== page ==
1 and 3. For me I do have a system in place. My wife and I have a specific touchpad that we share. The Wi-Fi is turned off and is never turned on. We both have the password to access the touchpad. In that touchpad we have a document that we update whenever we open a new account that would be important should one of us pass. Basically anytime we open something that the other person will need access to we add the account and passwords to the document. If we change the password it is easy to change in the document.

I keep a slip of paper in my safe with the login information. No other information. Not what the information is too. My son knows the slip of paper is there and what it is for so that if something happens to me and my wife at the same time he can figure things out.


My concern is what if something happens to that touchpad.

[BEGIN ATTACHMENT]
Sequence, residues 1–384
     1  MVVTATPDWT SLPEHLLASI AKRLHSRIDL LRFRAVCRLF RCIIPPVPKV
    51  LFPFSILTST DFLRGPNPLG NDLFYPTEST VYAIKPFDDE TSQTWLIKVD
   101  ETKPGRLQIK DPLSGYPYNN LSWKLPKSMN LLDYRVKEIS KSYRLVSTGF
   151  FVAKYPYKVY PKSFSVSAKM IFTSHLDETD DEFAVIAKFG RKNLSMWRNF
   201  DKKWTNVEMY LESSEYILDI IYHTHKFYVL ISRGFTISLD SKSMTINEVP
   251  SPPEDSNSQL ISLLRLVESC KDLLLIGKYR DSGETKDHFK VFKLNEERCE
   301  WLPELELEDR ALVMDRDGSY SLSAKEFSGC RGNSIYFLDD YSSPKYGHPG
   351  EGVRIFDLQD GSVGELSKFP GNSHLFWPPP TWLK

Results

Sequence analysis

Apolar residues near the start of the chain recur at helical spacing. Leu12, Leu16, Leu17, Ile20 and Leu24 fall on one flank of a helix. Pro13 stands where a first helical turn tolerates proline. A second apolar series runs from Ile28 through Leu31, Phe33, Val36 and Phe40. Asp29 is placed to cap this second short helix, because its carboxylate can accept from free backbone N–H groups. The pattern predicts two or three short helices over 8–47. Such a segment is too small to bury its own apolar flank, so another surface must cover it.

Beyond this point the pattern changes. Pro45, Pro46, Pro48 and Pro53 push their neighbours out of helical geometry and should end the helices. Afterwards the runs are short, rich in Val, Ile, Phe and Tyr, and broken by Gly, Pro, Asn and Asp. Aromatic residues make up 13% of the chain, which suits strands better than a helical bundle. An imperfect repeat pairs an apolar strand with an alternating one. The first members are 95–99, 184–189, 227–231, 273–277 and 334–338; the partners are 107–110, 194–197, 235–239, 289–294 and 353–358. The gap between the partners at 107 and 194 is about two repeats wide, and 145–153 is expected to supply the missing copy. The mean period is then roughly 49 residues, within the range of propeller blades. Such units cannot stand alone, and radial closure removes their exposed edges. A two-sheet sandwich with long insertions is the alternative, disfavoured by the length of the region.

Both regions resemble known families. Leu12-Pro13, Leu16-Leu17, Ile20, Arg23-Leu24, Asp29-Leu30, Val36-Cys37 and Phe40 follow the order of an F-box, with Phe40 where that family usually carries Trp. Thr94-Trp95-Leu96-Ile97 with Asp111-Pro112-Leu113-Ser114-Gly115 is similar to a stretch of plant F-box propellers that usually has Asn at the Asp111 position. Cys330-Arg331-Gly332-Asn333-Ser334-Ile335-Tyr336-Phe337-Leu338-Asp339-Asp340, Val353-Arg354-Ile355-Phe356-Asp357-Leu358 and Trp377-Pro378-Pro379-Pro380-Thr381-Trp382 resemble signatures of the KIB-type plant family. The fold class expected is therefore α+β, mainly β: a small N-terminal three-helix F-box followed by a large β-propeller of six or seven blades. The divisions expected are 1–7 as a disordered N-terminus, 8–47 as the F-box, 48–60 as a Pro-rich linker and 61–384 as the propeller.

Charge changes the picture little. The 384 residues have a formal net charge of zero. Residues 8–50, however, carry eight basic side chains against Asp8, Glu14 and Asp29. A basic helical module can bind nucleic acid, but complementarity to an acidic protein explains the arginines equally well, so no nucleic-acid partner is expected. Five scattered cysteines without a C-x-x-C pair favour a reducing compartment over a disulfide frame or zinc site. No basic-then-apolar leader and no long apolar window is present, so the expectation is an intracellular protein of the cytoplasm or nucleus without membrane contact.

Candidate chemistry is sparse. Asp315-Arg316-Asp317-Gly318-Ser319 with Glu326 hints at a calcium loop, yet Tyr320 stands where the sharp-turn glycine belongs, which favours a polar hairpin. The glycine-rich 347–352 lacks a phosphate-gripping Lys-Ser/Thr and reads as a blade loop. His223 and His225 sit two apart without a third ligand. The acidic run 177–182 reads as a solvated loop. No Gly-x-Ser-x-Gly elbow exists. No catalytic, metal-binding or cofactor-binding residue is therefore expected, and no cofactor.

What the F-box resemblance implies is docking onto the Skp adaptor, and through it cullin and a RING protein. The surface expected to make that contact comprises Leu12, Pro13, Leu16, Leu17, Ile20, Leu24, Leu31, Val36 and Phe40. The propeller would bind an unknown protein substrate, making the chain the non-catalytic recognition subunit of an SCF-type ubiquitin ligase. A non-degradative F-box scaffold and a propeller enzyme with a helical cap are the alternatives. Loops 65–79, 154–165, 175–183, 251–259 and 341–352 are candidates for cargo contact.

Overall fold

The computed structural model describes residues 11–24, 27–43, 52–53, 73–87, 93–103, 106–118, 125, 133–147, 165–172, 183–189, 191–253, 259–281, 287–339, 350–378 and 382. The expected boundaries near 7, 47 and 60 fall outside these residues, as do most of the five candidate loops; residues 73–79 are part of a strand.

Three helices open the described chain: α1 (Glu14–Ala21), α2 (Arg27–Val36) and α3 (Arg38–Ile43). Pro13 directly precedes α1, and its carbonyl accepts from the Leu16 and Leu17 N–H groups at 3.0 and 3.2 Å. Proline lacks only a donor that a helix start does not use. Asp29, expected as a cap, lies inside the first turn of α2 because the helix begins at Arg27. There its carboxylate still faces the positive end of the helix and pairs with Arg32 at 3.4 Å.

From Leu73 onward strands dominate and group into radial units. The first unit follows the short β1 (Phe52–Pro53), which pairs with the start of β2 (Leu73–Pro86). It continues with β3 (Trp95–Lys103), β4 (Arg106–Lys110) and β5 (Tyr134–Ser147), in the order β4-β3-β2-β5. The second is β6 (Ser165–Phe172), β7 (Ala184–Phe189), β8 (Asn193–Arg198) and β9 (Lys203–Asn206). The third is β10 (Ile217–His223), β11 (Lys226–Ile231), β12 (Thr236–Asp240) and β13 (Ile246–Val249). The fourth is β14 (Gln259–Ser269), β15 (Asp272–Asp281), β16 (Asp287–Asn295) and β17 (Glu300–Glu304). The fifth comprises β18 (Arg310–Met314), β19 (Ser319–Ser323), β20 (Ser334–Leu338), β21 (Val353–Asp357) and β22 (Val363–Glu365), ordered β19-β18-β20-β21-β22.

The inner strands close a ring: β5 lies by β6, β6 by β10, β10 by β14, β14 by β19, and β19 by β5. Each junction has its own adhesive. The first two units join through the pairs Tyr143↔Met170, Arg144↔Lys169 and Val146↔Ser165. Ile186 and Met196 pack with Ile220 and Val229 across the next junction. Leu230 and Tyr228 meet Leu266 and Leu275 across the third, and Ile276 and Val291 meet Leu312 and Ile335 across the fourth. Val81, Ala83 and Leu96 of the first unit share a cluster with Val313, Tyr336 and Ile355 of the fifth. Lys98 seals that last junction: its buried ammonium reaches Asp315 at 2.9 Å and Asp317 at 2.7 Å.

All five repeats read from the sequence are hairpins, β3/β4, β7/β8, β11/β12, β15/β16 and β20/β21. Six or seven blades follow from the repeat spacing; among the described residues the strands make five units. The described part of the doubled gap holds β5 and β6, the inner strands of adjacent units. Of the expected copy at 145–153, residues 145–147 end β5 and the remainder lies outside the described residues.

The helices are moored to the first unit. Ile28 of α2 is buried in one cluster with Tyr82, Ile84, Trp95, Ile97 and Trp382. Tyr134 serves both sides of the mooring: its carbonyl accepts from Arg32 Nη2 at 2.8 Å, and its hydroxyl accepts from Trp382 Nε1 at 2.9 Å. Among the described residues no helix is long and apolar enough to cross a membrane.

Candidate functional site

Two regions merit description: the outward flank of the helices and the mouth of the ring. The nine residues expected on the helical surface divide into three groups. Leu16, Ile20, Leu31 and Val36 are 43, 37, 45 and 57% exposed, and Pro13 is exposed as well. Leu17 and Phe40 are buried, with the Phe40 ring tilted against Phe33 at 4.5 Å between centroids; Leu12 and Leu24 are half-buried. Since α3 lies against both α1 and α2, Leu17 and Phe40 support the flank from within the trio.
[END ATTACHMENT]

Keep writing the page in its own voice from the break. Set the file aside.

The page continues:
I either have my wife was as account holder( mutual fund), joint tenent with rights of survivorship ( house, stock), successor (kids 529), POD (bonds), beneficiary ( 401(k), my IRA), etc. No passwords,,and no setting my wife up as a criminal by logging on as me, after I am dead.

She has her own Roth IRA, from which she can withdraw the contributions I’ve made tax free- so about 30,000 not tied up at all.

I have the passwords for utility accounts and such on an encrypted file in google docs- not the. end of the world if she forgets. Only real problem is car tags- she needs to pay them via mail, then transfer into her name under my will.